“Now, if you raise those funds without having to utilize those funds allocated from the county, I would definitely suggest that you try to do that,” McDaniel said. “But, if this is what you want, I’m going to support you.”
Commissioner Gloria Whisenhunt also said it was important to her for the public to have access to the memorial.
“I think the second floor is a select group of folks,” Whisenhunt said.
Commissioner Dave Plyer told Kimbrough his heart is in the right place.
“From my perspective, wherever you want to put it, I think is perfectly all right,” Plyler said.
Plyler also said that if Kimbrough seeks donations, county resident would probably want to be part of his efforts.
“I certainly would like to be part of it,” he said.
A significant change in how U.S. News & World Report measures the nation’s best hospitals has left Wake Forest Baptist Medical Center without a national top-50 specialty ranking for the first time in more than a quarter-century.
The report, released early Monday, covers 1,870 hospitals and academic medical centers for 2019-20.
It targets 16 complex specialties, procedures and conditions: cancer; cardiology & heart surgery; diabetes and endocrinology; ear, nose & throat; gastroenterology and GI surgery; geriatrics; gynecology; nephrology; neurology and neurosurgery; orthopedics; pulmonology and lung surgery; and urology.
Only 166 hospitals nationwide were ranked in at least one national top-50 specialty.
The lack of national top-50 specialty rankings for Wake Forest Baptist is significant given it had been ranked in eight for 2018-19, six for 2017-18 and five for 2016-17.
Wake Forest Baptist had 12 national specialty rankings as recently as the 2013-14 report and had at least one national specialty ranking since 1983.
U.S. News stressed in a release about the rankings that “because of changes in the methodology used to calculate this year’s Best Hospitals rankings, it advises against making comparisons to past numerical ranks.”
Ben Harder, U.S. News’ managing editor and chief of health analysis, said the drop in rankings for hospitals such as Wake Forest Baptist, “does not reflect a change in performance, but truly a change in methodology on our part.”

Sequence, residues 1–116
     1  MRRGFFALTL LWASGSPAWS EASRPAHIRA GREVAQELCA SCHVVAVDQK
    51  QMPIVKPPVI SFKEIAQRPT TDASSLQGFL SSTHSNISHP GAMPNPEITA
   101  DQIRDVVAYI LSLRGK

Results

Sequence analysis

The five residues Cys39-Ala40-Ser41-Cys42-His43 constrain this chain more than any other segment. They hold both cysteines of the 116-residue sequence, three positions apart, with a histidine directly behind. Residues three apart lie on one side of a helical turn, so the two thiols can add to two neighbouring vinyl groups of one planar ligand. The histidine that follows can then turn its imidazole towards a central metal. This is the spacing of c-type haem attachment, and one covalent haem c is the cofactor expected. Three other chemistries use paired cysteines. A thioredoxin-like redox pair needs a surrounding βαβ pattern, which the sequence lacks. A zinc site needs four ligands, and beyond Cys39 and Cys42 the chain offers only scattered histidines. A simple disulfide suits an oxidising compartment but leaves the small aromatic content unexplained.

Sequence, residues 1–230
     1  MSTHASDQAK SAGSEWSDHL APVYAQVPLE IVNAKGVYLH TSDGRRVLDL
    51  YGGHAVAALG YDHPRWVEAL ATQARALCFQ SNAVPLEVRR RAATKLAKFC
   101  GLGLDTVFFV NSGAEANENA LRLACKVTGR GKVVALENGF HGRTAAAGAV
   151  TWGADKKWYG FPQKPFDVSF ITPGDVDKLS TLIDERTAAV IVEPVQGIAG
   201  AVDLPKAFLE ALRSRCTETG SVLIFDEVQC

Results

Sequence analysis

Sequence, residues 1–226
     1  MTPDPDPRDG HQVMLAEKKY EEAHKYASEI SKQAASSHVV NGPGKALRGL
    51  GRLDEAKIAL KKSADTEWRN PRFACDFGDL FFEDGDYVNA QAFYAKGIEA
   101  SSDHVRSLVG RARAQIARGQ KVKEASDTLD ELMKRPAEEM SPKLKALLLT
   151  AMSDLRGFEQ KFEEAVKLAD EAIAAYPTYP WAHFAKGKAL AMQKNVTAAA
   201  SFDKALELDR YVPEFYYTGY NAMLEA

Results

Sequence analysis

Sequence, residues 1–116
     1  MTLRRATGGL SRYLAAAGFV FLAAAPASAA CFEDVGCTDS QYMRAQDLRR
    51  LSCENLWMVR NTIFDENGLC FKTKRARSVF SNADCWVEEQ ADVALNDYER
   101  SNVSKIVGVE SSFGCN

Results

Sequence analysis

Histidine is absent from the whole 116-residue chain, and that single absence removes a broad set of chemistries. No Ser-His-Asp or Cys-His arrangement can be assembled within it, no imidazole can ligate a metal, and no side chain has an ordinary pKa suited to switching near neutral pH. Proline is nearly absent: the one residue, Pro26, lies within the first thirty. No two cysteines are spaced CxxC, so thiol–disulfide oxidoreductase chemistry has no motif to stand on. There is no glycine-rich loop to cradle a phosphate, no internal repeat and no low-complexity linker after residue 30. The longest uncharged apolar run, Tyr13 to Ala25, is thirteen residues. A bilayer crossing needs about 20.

The biggest change is that hospitals rated as a top-50 specialty center are now considered as a “national referral center.”
“The top-50 specialty ratings are important for a small number of niche patients who need national expertise,” Harder said.
“These are centers where patients and family members would consider going out-of-state or out-of-region for care, and be willing to go out-of-network for the level of care.”
U.S. News said the methodology change “enhanced the way we account for differences in patient populations, and how those differences affect hospitals’ performance, and incorporated additional patient-centered measures reflecting patient satisfaction and how often patients go directly home from the hospital.”
Harder stressed that Wake Forest Baptist “did not perform at a lower level in the current report than in previous years.”
Wake Forest Baptist said in a statement its cancer, geriatrics and neurology and neurosurgery were listed as “high performing” on a national level.
While acknowledging the changes in how the rankings are calculated, Wake Forest Baptist said “we are actively seeking further information to understand whether this is responsible for the change in our standings.”
“While this is a change in U.S. News’ rankings, Wake Forest Baptist is the same high-quality-focused health care providers today as it was yesterday.”
Wake Forest Baptist slid from a No. 2 ranking within North Carolina in 2018-19 to No. 5 for 2019-20.
Wake Forest Baptist has touted for years its high ranking in the U.S. News reports as verification of the quality of its services and patient care.